Rated: 13+ · Short Story · Career · #1930989
After reading that letter I knew what I wanted to do with the rest of my working life.
2nd Place Winner, What a Character, April 2013
Storms Make Oaks Root
The winters in the mountains of East Tennessee are five, bone-chilling months long, and Liz froze every day of each of those months. But today she burned with excitement.
"Mom?" Mark Jr.'s sleepy voice called to his mother.
Liz poked her head into the dark bedroom her children shared, and whispered. "Mornin,' sweetheart."
"What time is it?"
Liz tiptoed into the room. "Shhh, you'll wake your sister." She sat on the edge of Mark's bed and gently stroked her son's blond hair. "It's 4 a.m. and I'm late for work. You be sure that you and Natalie eat breakfast before going to school, okay?"
"Okay, mom." Mark, Jr. rolled over and closed his eyes.
Liz pulled the blanket up around Mark's chin and kissed him lightly on his forehead. "You're the oldest, so you have to look out for your sister."
"I know," he said.
Liz stood, and whispered, "And remember, we're all meeting for lunch today. I have something to discuss with you and Natalie." She stepped over to her daughter's bed and pulled the blanket up around Natalie's neck and kissed her cheek, and then left the room.
Liz stepped out into the cold and pulled her collar up as she walked to her car. The vinyl seat covers crinkled under her as she sat on the frigid seat and fumbled the key into the ignition and started the engine. She hugged her hands under her arm pits for warmth as she let the car run for only a minute before driving away; one gloved-hand on the steering wheel, the other hand wedged under her thigh for warmth.
Seven days a week, every week of the year, Liz drove to the Mason City Press building in the pre-dawn darkness to deliver newspapers. It was how she earned a living, how she supported her children. It was her job.
A job she would not miss.
The yellow, overhead lights reflected from her smudged windshield as Liz drove into the covered loading area. She switched off the ignition and got out of the car and glared at the old vehicle as the engine shook and sputtered before finally stopping with a loud backfire that startled her. She turned from the car and saw Lou, the route manager, standing outside his office, a thin smile on his lips.
"Sorry I'm late, Lou."
"Morning Liz...everything all right?"
"Everything's fine." Liz scanned the deserted loading dock. "Where's my papers?"
"Over there," Lou pointed to the raised concrete dock. "Two stacks." Lou liked Liz. Because she was his best worker, and because he wanted to help, he had recommended her for a management position, a job with better hours and higher pay. But she had turned down the offer, choosing instead to stay in college. Lou knew that life was not easy for a widow with two small children, a full-time college load, and a job that required odd working hours. Liz never complained, and when Lou asked her why she pushed herself so hard, she always gave the same two-word answer; "The kids."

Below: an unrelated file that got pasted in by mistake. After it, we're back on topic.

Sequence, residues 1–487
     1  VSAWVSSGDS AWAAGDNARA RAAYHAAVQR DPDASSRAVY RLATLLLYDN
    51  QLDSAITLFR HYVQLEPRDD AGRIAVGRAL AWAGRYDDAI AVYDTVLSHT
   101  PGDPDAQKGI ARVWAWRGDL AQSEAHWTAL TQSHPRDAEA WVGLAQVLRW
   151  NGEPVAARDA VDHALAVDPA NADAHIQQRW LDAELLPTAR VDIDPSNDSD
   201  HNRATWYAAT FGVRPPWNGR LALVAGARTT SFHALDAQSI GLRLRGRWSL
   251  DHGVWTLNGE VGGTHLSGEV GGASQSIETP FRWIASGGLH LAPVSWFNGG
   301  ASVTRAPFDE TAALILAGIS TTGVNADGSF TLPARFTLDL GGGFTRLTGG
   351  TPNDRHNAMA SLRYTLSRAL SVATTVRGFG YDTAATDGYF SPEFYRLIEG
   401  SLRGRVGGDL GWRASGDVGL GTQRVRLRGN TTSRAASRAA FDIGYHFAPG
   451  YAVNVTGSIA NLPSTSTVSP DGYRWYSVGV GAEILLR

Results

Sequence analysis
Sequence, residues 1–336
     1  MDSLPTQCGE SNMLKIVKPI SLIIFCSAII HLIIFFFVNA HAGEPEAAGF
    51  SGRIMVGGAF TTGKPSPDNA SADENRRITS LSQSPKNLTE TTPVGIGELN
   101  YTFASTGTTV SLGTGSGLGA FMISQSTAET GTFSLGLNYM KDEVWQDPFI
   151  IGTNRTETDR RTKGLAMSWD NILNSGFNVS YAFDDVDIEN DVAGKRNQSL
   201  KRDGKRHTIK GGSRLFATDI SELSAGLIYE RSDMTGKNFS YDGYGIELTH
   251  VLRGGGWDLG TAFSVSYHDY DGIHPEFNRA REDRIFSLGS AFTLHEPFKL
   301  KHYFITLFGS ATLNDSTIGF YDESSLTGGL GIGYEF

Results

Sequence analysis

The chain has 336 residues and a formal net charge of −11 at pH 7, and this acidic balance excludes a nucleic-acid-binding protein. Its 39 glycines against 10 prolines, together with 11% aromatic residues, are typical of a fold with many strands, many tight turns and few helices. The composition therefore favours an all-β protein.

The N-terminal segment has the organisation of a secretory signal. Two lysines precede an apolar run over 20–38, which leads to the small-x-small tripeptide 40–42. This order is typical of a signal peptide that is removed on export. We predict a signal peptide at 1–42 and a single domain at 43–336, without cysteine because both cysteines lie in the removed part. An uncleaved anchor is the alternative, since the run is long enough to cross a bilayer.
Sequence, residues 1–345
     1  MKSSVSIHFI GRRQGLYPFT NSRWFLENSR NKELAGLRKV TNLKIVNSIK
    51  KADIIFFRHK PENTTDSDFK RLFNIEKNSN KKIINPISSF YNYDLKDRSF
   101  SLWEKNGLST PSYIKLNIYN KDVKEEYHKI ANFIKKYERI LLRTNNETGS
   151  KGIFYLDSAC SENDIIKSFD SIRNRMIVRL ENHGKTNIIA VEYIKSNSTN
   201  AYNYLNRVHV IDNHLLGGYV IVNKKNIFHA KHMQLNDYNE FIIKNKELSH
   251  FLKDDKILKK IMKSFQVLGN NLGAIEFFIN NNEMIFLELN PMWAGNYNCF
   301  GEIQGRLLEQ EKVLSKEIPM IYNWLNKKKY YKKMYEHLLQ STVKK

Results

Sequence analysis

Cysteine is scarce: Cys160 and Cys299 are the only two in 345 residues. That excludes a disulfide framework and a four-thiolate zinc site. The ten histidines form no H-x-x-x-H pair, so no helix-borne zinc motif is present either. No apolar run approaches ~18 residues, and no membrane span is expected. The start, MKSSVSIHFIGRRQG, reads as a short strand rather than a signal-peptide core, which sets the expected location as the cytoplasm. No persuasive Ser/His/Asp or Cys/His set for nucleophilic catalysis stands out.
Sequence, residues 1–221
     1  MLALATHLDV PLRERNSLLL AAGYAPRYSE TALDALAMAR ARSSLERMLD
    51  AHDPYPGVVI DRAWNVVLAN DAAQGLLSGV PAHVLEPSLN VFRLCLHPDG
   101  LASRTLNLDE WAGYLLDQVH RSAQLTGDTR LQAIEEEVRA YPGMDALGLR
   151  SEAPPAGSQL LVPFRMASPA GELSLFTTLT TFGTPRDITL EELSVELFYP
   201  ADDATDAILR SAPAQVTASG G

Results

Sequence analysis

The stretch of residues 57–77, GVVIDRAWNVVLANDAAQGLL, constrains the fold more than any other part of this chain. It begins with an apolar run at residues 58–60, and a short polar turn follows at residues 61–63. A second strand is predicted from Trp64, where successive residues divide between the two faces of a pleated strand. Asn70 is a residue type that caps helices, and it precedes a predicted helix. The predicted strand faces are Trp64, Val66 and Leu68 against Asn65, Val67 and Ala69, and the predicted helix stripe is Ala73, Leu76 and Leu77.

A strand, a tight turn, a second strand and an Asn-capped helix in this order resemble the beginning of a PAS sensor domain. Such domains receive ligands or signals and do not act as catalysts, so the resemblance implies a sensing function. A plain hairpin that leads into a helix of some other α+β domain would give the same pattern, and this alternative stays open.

"Come on," Lou said, "I'll give you a hand."
Lou carried his considerable weight like a man half his size. He never wore a hat or gloves, only a thin jacket, and he never complained about the cold. It made Liz shiver just looking at him. He told everyone his meanness kept him warm, but Liz knew better. Lou was a sweetheart, and he worried about everyone. She would miss him. Lou climbed the steps to the raised loading area, and asked, "Are the kids okay?"
"The kids are fine, I just overslept."
"I understand," Lou said. "I know you have a busy schedule." Lou picked up a heavy stack of newspapers.
"It's been tough the last couple of years," Liz said. She grabbed the other stack of papers and followed Lou to her car.
"I know it, hon." Lou leaned against Liz's car, and said, "The death benefits the government gives you probably ain't much." He frowned. "I think more should be done for a man's family when he dies fighting for his country. And this job wasn't easy for you, what with the kids and college.
"Yes, but when I received the test results last week—when I actually held the certification, my certification, I knew all the work had been worth the effort."
"I'm sure it was, hon. But I always wondered where you got your energy, your drive. I never knew what kept you going, but I have a lot of respect for you. You never gave up." He slammed the trunk lid and turned to her. "You were unstoppable, Liz—it had to be important to you."
"It was...it is. It's very important." Liz never told anyone her reasons for wanting to be a nurse. They were private thoughts, and she kept them to herself.
Liz got into her car and drove to the Quick Mart and bought a cup of coffee. Her fingers were stiff and numb by the time she finished folding and bagging two-hundred-forty-two newspapers. Now all she had to do was deliver them all; and try to collect from a couple of late payers.
"Good morning Liz, we're a little late today, aren't we?"
A less-than-happy George Mize made sure Liz knew his schedule had been upset by the late delivery. She wanted to avoid a long discussion with him, so she asked him about his past due bill. As expected, George was suddenly in a hurry to return to his home.
"Sure is cold this morning," he said and started up his driveway. "I don't want to catch a cold, so I better get inside. Next week...I'll pay for both months next week. That okay, Liz?"